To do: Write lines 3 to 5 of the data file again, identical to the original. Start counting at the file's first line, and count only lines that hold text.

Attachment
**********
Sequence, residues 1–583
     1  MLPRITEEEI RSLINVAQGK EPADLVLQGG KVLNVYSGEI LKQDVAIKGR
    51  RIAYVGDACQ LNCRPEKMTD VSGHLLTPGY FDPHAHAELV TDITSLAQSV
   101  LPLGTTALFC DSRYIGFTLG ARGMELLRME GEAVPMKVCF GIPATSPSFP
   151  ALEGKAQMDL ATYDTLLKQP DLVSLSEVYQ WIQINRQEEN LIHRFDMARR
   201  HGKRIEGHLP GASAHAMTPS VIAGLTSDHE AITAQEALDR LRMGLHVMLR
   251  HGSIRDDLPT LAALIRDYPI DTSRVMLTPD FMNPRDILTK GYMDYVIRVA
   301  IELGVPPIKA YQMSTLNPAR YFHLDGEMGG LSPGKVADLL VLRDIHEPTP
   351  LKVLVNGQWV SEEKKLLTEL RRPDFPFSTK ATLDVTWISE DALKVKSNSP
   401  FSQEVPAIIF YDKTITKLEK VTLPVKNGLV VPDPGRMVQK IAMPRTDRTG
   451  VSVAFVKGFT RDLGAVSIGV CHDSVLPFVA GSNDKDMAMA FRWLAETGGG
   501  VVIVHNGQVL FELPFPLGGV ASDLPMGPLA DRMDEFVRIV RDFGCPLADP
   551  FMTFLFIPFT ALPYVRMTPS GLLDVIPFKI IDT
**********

    51  RIAYVGDACQ LNCRPEKMTD VSGHLLTPGY FDPHAHAELV TDITSLAQSV
   101  LPLGTTALFC DSRYIGFTLG ARGMELLRME GEAVPMKVCF GIPATSPSFP
   151  ALEGKAQMDL ATYDTLLKQP DLVSLSEVYQ WIQINRQEEN LIHRFDMARR